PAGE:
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Jeremy Pena of the Astros Does Not Wish to Be Carlos Correa


Peña’s baseball pedigree is unmistakable. In 1997, he was born in Santo Domingo, the capital of the baseball-crazy Dominican Republic. His father, Gerónimo, played in parts of seven seasons with St. Louis and Cleveland, his final season coming in 1996. Although Jeremy never saw his father play, he grew up wanting to know all the pieces about that life.

Credit…Stephen Dunn/Getty Images

“Each time after we were eating breakfast or dinner or lunch, we’d at all times stay on the table for like an additional 45 minutes just talking about him or what he needed to undergo or my mom as well,” Peña said. “Them just making it out of whatever they’d to get through to offer for us.”

When Jeremy was 12, the Peñas moved to Windfall, R.I., following an aunt who was already there. Peña didn’t speak any English. He said that it was tough at first but that there was a big Dominican population and he had teachers who also spoke Spanish.

“I learned rather a lot on the baseball field,” he said. “My teammates were bilingual, and they might teach me the fundamentals, and I might apply that in class. And we’d go backwards and forwards for a 12 months, 12 months and a half, and I used to be already having full conversations.”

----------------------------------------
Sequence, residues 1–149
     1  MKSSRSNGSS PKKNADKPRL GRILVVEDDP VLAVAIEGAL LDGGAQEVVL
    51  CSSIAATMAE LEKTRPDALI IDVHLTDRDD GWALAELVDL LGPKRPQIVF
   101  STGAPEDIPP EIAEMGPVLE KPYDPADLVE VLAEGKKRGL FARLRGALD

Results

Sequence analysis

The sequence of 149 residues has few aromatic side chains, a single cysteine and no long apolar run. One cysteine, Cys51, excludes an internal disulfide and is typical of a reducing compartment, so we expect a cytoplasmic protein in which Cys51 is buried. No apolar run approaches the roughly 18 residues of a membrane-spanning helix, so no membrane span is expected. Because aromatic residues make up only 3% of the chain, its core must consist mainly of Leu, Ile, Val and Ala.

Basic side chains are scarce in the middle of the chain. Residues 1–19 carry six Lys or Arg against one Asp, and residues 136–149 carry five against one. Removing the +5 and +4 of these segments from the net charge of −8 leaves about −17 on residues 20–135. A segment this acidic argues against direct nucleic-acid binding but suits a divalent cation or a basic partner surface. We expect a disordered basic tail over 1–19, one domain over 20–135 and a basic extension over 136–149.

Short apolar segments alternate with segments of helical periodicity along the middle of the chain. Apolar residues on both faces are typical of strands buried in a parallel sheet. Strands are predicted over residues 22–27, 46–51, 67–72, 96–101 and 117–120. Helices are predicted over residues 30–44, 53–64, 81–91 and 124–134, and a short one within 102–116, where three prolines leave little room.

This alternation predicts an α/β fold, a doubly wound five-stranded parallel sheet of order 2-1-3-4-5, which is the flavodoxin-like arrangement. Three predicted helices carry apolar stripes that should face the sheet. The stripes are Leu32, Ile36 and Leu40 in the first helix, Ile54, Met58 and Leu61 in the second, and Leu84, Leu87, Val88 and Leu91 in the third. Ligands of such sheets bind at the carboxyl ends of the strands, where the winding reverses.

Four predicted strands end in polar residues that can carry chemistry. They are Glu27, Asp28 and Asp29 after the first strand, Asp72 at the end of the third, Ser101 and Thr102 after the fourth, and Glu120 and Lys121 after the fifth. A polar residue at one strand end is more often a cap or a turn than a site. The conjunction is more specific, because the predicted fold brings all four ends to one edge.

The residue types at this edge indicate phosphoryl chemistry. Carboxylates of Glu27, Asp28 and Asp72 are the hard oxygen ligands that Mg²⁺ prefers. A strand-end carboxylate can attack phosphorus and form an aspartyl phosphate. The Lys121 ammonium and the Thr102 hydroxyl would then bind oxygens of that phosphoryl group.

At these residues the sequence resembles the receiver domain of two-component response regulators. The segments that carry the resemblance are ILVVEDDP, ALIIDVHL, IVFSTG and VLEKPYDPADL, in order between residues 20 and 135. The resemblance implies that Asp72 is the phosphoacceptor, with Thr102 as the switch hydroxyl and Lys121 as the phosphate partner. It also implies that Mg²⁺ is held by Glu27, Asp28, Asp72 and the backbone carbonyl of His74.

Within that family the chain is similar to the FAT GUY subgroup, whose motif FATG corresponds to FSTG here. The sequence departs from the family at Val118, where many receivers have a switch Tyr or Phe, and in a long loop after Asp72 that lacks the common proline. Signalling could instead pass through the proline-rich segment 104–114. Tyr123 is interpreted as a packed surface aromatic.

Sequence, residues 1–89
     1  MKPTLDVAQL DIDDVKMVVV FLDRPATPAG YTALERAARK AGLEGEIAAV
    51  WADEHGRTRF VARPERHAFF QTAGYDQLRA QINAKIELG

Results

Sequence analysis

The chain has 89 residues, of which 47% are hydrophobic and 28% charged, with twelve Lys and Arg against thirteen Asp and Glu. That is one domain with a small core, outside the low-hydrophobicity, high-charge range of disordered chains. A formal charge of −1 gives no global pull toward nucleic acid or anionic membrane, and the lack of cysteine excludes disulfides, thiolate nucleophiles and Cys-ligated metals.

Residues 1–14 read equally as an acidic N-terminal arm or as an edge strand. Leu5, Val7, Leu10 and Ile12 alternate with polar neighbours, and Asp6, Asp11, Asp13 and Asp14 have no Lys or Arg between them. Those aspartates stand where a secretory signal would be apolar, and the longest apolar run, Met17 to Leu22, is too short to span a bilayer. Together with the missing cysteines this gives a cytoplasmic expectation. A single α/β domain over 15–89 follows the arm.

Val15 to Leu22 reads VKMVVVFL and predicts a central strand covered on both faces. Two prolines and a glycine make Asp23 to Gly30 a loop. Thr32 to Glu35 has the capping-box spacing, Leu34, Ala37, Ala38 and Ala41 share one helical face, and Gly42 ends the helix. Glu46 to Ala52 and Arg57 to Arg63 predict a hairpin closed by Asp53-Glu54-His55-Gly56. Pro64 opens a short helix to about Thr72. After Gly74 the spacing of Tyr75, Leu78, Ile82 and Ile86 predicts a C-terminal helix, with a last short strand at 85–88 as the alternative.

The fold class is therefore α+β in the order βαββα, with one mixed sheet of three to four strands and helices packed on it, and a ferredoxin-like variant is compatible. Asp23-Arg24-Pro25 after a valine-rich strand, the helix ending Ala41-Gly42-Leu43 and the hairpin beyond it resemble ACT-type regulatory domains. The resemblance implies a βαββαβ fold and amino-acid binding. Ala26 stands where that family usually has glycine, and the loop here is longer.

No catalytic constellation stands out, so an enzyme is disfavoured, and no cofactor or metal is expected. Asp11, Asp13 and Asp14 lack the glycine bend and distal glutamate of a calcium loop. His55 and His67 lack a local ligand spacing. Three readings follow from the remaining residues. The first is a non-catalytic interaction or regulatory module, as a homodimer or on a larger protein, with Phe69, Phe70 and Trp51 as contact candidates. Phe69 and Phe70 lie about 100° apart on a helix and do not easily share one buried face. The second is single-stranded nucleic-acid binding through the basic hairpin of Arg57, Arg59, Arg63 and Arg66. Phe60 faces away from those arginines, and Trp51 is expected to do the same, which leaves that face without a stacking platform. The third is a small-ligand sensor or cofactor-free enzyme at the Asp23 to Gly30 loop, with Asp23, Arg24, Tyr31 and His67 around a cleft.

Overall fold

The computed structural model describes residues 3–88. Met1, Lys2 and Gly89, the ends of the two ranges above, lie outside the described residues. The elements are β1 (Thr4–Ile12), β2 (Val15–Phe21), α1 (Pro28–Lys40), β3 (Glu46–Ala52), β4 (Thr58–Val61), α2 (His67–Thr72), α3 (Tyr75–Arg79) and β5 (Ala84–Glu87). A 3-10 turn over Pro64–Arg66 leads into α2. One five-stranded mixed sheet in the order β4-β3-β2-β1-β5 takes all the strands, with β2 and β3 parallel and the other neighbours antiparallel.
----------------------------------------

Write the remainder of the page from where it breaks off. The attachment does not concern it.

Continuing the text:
Admittedly skinny and small then, Peña wasn’t a highly touted prospect out of Classical High School when the Atlanta Braves chosen him within the thirty ninth round of the 2015 draft. He didn’t sign and as a substitute attended the University of Maine. He said the cold climate and shoveling snow off the sphere built character while allowing him to grow. (He also ate more and began lifting weights.) Three years later, the Astros took him with the 102nd pick of the draft.

After coping with shin splints and an underwhelming first season within the minors, Peña went to a personal training facility outside Boston that was frequented by some major league players to, in his words, get his body right. Peña is listed now at 6 feet and 202 kilos, displaying the added strength and speed that helped him shoot through the minors. He has tried to model his form of play, he said, after the previous Mets shortstop José Reyes.

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